Even if we could forget Katrina, torture, Guantánamo, Abu Ghraib, and the worst economy since the great depression, his legacy, with a near-absolute certainty, will be set by his policy of wanton climate destruction (see "the Worst President in American History") -- unless, of course, Barack Obama can somehow put us on a truly sustainable path, but that rejection of everything Bush stood for will hardly rehabilitate W. Quite the reverse.

    Anyway, the real point of this final post on Bush -- final at least until the media or the Obama team uncover yet another unbelievable environmentally destructive thing he did that we are as yet unaware of -- is to share a list of eight environmental Bushisms I just found to make my list of the top 25 Bushisms of all time complete:

  • Marc Morano agrees that only experts in climate feedbacks can make judgments on climate

    Tuesday, I received an email from Marc Marano, staffer for Sen. James Inhofe (R-Okla.). Usually, these are vectored straight into my junk folder, but apparently my computer's spam filter has a sense of humor, because this email made it into my inbox. And what I saw astounded me.

    Marc's email contained a link to a recent post by Roy Spencer. In it, Spencer claims:

    Obviously, the thermostat (feedback) issue is the most critical one that determines whether manmade global warming will be catastrophic or benign. In this context, it is critical for the public and politicians to understand that the vast majority of climate researchers do not work on feedbacks.

    In popular political parlance, most climate researchers do not appreciate the nuanced details of how one estimates feedbacks in nature, and therefore they are not qualified to pass judgment on this issue. Therefore, any claims about how many thousands of scientists agree with the IPCC's official position on global warming are meaningless.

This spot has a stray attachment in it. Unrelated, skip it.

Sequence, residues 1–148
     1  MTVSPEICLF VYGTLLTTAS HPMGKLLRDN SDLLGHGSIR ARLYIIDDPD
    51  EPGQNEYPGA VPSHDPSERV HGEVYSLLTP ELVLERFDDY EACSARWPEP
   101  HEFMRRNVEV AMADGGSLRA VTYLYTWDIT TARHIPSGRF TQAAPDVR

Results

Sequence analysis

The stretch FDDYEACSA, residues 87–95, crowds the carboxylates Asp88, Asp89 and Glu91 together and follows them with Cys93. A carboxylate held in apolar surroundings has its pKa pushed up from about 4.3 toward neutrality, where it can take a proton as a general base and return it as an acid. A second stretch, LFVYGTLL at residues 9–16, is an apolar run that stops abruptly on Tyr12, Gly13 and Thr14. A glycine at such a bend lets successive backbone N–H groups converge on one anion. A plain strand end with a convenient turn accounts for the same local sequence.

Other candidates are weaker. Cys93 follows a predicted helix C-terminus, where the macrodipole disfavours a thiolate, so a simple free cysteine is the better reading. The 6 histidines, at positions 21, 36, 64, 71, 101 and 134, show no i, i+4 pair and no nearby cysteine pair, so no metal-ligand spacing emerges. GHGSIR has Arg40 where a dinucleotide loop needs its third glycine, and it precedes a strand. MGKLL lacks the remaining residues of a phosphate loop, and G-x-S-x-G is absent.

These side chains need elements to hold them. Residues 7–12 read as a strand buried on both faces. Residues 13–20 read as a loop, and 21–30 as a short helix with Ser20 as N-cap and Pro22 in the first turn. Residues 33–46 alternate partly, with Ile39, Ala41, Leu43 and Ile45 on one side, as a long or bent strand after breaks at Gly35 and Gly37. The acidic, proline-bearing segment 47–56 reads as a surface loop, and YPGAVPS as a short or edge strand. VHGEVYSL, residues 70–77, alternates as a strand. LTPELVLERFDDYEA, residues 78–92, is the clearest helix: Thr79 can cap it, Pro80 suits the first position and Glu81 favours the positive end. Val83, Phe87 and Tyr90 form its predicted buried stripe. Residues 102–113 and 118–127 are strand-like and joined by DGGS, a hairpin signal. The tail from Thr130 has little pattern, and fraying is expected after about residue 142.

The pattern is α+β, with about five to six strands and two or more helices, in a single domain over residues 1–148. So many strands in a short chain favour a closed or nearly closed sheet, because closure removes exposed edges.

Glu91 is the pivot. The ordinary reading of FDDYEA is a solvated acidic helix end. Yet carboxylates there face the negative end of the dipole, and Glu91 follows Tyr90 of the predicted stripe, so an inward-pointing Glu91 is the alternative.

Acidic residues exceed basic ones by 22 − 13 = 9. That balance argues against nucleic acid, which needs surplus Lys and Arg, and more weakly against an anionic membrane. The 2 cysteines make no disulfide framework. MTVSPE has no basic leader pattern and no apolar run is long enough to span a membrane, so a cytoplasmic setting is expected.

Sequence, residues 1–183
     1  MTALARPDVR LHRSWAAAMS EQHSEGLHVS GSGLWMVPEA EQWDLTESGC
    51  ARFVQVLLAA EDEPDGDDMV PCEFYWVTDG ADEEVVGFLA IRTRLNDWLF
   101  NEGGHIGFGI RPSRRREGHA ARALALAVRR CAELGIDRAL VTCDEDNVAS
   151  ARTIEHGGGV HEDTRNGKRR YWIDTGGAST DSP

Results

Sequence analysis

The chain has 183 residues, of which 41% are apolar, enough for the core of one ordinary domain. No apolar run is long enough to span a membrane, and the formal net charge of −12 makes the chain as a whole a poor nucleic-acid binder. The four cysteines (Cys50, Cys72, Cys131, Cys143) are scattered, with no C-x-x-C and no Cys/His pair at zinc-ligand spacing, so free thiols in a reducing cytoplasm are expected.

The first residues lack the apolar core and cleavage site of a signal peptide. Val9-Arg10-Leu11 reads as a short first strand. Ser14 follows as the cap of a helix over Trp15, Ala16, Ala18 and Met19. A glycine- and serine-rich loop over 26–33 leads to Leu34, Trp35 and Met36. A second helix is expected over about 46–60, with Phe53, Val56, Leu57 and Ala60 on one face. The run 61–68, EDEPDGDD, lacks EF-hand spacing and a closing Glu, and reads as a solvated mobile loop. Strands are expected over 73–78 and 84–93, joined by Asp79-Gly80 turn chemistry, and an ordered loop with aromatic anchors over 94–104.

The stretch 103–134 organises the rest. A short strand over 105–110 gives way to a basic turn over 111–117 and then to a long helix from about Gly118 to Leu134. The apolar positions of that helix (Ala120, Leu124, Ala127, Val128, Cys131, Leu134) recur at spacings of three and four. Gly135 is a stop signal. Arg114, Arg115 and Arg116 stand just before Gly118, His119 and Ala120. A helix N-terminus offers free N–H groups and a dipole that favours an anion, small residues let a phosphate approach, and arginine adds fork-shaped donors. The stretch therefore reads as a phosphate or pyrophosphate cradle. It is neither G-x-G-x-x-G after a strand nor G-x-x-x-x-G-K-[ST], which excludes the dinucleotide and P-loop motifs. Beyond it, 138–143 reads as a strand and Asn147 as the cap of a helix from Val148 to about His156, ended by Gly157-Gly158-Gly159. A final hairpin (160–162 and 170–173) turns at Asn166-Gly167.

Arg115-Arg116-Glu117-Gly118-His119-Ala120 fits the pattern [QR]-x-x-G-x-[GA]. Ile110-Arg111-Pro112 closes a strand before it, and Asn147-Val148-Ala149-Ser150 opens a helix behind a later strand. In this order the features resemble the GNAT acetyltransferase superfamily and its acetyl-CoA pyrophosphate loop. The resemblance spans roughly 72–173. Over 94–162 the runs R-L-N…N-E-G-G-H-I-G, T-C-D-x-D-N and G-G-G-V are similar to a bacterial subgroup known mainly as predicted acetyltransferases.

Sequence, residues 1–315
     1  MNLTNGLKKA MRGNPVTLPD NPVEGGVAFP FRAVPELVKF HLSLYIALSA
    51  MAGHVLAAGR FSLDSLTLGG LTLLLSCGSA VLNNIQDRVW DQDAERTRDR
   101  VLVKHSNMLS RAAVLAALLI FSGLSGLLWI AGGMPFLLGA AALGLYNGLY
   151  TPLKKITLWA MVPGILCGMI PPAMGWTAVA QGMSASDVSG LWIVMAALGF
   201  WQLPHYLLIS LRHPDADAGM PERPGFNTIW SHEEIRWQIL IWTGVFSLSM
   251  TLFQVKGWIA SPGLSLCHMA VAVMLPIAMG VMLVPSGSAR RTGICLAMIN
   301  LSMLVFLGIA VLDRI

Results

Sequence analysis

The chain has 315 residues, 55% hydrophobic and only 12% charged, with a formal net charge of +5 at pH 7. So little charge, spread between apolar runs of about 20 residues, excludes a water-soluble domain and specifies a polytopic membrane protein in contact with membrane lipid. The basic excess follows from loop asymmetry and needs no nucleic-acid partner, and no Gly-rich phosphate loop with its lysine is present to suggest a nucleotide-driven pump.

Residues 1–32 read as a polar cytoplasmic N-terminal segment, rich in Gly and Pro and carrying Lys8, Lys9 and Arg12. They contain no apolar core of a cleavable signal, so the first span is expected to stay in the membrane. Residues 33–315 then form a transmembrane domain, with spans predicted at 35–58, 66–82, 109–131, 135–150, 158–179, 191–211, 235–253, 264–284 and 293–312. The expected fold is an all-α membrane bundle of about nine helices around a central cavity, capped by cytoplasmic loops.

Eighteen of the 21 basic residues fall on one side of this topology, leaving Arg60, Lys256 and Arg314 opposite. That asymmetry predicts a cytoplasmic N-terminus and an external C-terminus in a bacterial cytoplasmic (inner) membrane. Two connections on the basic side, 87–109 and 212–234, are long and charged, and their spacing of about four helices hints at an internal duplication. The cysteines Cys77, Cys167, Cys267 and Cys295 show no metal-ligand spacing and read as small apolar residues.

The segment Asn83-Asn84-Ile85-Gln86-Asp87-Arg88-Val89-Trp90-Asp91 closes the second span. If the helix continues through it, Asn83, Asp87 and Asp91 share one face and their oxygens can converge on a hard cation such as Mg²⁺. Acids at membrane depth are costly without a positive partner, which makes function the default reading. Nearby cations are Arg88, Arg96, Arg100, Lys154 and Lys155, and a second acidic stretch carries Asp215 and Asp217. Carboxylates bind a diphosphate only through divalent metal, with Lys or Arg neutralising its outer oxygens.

Did I read that right? The only people qualified to make judgments on the science of climate change are experts in climate feedbacks?

    I'll ignore the questionable and obviously self-serving nature of this claim for now. The surprising point here is that Roy has clearly disqualified virtually every member of Inhofe's list of 650 "experts" who dismiss the IPCC's view of climate science. Not only are the Inhofe 650 members not experts on climate feedbacks, but also most of them are not experts on any aspect of the climate. (Note, however, that I'm still an expert because I actually do work on climate feedbacks.)

    And since Marc Moreno sent out a link to this post, he obviously agrees that Inhofe's list is a pile of rubbish.

    Finally, something Marc and I can agree on.

  • The right-wing caricature of environmentalism inhibits action on matters of human welfare

    Recommended: "Earth Worship," an article from the latest issue of the Southern Poverty Law Center’s Intelligence Report. It offers a window into environmentalism as seen feverishly imagined by the far right. It begins: Addison, Texas — "Environment is not about saving nature," the founder of Freedom Advocates, Michael Shaw, sternly warned an audience of antigovernment […]